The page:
What Is Truth? Akira Kurosawa's Rashomon Suggests It All Depends Upon Your Point of View
October 5, 2012
What is reality, anyway? (Lily Tomlin once called it "a collective hunch.")
That question is explored through the aftermath of a violent crime in Akira Kurosawa's 1950 film Rashomon, screening on Sunday, October 14, 2012, at 1:30 p.m. at the Plaza Branch as part of the Movies That Matter film series.
Introductory and closing remarks are provided by Robert W. Butler, for more than 40 years film critic of The Kansas City Star and now a member of the Library's public affairs staff.
Rashomon, the first Japanese film to gain widespread acceptance in the West, is set in feudal Japan. A samurai has been murdered and his wife raped. But during the trial of the perpetrator we hear four wildy contradictory reports of what happened.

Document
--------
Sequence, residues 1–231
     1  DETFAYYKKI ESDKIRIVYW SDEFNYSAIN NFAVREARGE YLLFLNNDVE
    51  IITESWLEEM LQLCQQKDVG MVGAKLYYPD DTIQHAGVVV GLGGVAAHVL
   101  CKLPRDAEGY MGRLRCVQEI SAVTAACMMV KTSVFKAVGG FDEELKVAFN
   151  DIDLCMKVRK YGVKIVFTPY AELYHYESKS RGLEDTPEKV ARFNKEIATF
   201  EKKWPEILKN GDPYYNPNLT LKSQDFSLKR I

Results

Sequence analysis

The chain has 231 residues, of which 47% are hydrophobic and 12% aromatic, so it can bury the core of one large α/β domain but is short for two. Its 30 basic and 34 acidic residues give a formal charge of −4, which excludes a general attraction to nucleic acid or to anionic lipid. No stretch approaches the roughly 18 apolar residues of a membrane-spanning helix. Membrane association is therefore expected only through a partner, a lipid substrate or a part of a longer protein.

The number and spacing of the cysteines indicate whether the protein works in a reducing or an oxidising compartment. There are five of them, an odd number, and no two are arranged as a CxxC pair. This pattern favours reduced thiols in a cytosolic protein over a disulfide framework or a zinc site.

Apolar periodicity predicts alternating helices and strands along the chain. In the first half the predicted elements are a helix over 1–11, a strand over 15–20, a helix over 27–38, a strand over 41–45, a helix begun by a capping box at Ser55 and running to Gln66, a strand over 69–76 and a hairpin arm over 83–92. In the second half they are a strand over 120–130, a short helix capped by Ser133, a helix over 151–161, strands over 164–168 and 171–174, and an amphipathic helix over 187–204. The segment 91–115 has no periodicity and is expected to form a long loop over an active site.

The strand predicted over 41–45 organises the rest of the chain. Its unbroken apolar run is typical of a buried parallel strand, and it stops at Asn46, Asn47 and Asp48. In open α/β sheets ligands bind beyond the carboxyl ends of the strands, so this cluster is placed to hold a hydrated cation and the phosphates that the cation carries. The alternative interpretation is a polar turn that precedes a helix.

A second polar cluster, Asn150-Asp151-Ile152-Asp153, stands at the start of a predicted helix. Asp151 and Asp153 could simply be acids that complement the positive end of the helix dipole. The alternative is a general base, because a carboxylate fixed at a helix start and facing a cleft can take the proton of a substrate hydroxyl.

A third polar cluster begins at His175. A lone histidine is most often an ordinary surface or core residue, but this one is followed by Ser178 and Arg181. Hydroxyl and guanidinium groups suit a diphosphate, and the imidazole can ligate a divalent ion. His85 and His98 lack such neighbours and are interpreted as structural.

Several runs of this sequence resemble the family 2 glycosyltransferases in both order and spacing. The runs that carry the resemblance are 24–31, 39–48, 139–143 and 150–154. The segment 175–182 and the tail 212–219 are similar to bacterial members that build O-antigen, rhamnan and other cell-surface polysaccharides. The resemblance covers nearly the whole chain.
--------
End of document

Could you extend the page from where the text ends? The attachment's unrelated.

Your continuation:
The fragile wife says one thing, the preening criminal (Toshiro Mifune in the role that made him an international star) another. The ghost of the dead husband, speaking through a medium, offers a third version. And contradicting everyone is a woodcutter who saw it all unfold.
Whom are we to believe? And can we ever really know the "truth"?
With Rashomon Kurosawa took his place as one of the world's great filmmakers. In his half-century career he made more than 30 movies, including masterpieces like The Seven Samurai, Ikiru, Yojimbo, Ran, The Hidden Fortress, and Throne of Blood.
Admission is free. RSVP online or call 816.701.3407.
Other titles in the series:
October 28: Nosferatu (1922)
November 4: Raging Bull (1980)
November 18: The Bicycle Thieves (1948)
December 2: The Manchurian Candidate (1962)
December 9: Snow White and the Seven Dwarfs (1939)
January 6: The Passion of Joan of Arc (1928)
January 13: My Darling Clementine (1946)
January 27: Bringing Up Baby (1938)
February 10: All About Eve (1950)
February 25: Dr. Strangelove (1964)
March 10: The Circus (1928)
March 24: Rear Window (1954)
April 7: Wings of Desire (1987)
April 21: Singin' in the Rain (1952)
May 5: Sunset Boulevard (1950)
May 19: Metropolis (1927)